A scientific study which found COVID-19 may have been a “cell-culture” uniquely adapted for transmission to humans (more so than any other animal – including bats), is gaining steam.
The paper, currently under peer review, comes from Flinders University Professor Nikolai Petrovsky, who has spent over two decades developing vaccines against influenza, Ebola, and animal Sars. He says his findings allow for the possibility that COVID-19 leaked from a laboratory, according to Sky News.
“The two possibilities which I think are both still open is that it was a chance transmission of a virus from an as yet unidentified animal to human. The other possibility is that it was an accidental release of the virus from a laboratory,” said Petrovsky, adding “Certainly we can’t exclude the possibility that this came from a laboratory experiment rather than from an animal. They are both open possibilities.” CLICK for complete article
TORONTO – Hollywood flicks were always the main attraction at Bob Boyle’s drive-in theatre on the outskirts of Brackley, P.E.I., but shortly after the COVID-19 pandemic shut everything down, a nearby high school made an unusual request.
Left without the possibility of their traditional graduation festivities, they wondered if the Brackley Drive-In might consider accommodating families by the carload for a gown-and-hat ceremony under the stars. Boyle was intrigued, and it got him wondering if his towering outdoor screen might become a beacon for other major events witnessed from…Click for full article.
A spokeswoman for Donald Trump confirmed on Tuesday morning that the US president is taking a malaria drug as a defense against Covid-19, despite his own administration’s warnings that the drug could have dangerous side-effects.
The confirmation came hours after the House speaker, Nancy Pelosi, expressed alarm that Trump was taking the drug since he is “morbidly obese”, in her words.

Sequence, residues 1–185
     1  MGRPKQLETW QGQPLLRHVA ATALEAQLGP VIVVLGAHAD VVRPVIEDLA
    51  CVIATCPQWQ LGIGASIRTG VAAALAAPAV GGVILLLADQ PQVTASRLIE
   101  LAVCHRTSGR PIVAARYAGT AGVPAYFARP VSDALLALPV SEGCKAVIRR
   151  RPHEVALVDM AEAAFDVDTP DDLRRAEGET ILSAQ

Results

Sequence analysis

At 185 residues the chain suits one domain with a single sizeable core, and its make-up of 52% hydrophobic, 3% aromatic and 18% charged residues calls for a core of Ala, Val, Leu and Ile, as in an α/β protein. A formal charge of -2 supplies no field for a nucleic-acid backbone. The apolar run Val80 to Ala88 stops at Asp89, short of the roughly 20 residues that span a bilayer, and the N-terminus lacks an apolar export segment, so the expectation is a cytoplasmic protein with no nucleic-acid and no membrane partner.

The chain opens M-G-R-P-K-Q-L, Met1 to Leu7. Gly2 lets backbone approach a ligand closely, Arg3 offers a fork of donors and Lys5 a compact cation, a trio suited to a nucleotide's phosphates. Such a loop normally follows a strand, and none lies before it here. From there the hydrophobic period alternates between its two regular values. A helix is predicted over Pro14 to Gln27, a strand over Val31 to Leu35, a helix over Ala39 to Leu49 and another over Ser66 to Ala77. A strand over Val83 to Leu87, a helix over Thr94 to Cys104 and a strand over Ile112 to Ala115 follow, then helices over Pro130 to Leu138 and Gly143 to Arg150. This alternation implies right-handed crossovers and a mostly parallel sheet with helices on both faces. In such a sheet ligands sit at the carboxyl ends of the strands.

At the White House, the press secretary, Kayleigh McEnany, told CBS News Trump was taking hydroxychloroquine.
“I can absolutely confirm that,” she said…CLICK for complete article
The next time someone asks whether you want fries with that, say ‘yes’–it could help stave off a global food crisis.
Belgian potato farmers are facing a surplus of 750,000 tons of potatoes this year that risk being destroyed. That’s prompted authorities there to beg citizens to double up on fries in order to help the industry.
Back in the United States, potato farmers plan to plant fewer spuds this year amid plummeting demand, with some estimates showing potato acres down about 10% while prices have jumped by more than one-third.
But it is not only potato growers that are having problems with the supply and demand, leading to food price increases. In the past few months, with restaurants closed and schools shut down, supply chains are struggling to adapt due to coronavirus restrictions, bottlenecks and general chaos.
Due to the shift of grocery-buying habits that has seen consumers lean more heavily on purchases of non-perishable, packaged goods, fruits and vegetables are being left to rot… CLICK for complete article
Since the onslaught of the COVID-19, we have seen an unprecedented spike in beef prices. The retail price of beef has increased by 60 percent in the past two months to a high of $410.05. Beef has doubled in price, making a hamburger an item of luxury almost on par with a steak.
Why is the humble hamburger making such a dent in our food budget? Because many meat processing plants have closed since the emergence of the coronavirus. That simply leaves less beef to go around, which automatically makes it more expensive.
Many grocery stores are imposing a limit on how much meat their customers can purchase to prevent a total meat shortage. Some of the larger grocery stores, such as Kroger and Costco, are close to running out of meat since the coronavirus has severely interrupted the food supply chain…CLICK for complete article
In the early days of the COVID-19 panic—back in mid-March—articles began to appear pushing the idea of “flattening the curve” (the Washington Post ran an article called “Flatten the Curve” on March 14). This idea was premised on spreading out the total number of COVID-19 infections over time, so as to not overburden the healthcare infrastructure. A March 11 article for Statnews, summed it up:
“I think the whole notion of flattening the curve is to slow things down so that this doesn’t hit us like a brick wall,” said Michael Mina, associate medical director of clinical microbiology at Boston’s Brigham and Women’s Hospital. “It’s really all borne out of the risk of our health care infrastructure pulling apart at the seams if the virus spreads too quickly and too many people start showing up at the emergency room at any given time.”
In those days, it was still considered madness to suggest outlawing jobs for millions of Americans or “shutting down” entire national economies in an effort to “flatten the curve.” Thus, the article lists for more moderate mitigation strategies…CLICK for complete article